‘You can’t have an experience in the toy space without storytelling from TV, movies or digital,’ says LIMA Licensing panel

Retailers and manufacturers will find it harder to have an experience in the toy space today without storytelling from TV, movies or digital.

This was the upshot of a recent panel session held at Las Vegas’ Licensing Expo in which FAO Schwartz, Amazon and research analysts Jeffries offered their insight into the future of the toy industry.

Called The Shape of Toy Retailing in a Changed World, the session explored ways in which the toy and licensing industries are looking toward the shape of retail as well as how consumers will become exposed to and buy toys over the next ten years.

The presentation featured speakers David Conn from ThreeSixty Brands which owns FAO Schwartz, Eva Lorenz, general manager, toys and games at Amazon and Stephanie Wissink, MD and senior research analyst of consumer products at Jeffries.

Each agreed that when it came to retailers shifting their focus towards a new demographic of parents, experiential activities and an omni-channel approach was the only way to reach today’s consumers.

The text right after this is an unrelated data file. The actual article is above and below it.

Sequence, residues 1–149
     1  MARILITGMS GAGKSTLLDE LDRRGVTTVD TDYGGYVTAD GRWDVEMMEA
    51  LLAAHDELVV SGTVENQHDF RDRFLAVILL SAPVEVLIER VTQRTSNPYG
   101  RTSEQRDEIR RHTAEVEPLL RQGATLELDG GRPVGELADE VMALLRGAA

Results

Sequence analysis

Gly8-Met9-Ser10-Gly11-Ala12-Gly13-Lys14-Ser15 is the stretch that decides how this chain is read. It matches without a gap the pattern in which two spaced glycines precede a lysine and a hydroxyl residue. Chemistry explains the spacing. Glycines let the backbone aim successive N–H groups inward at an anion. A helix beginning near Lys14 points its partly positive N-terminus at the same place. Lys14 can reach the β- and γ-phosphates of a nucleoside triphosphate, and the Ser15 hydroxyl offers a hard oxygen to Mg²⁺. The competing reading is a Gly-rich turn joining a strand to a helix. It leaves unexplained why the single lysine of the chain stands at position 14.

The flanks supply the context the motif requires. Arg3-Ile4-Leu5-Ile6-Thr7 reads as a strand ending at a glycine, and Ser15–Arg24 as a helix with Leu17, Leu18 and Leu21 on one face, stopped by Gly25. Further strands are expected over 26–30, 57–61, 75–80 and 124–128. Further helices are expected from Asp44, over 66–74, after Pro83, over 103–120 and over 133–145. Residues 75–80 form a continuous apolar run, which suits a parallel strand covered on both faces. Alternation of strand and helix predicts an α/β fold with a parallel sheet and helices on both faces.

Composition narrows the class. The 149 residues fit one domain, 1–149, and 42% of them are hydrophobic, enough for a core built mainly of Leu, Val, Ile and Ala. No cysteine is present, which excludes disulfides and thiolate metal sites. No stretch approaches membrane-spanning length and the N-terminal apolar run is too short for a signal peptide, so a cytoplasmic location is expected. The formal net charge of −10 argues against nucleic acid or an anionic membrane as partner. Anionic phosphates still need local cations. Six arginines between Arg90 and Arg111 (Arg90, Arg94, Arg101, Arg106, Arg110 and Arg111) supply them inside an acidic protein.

“You have to recognize the demographic change in terms of today’s parents,” said Wissink during the session. “You’re talking about a Millennial cohort, digitally native and certainly digitally savvy. They are looking for experiences that run the gamut across almost every touchpoint.

“The second thing is content convergence,” she continued. “You can’t have an experience in the toy space today without some form of storytelling, whether that’s movies, TV or digital content.

“One of the things that we are particularly focused on is this idea of ‘kidult,’ where we see entertainment expanding beyond the traditional kid range.

“Over the last two years, we have taken a different view – it’s not online or offline, it’s online and offline. We think this is a new governing model that will really drive the industry over the next decade or so.”

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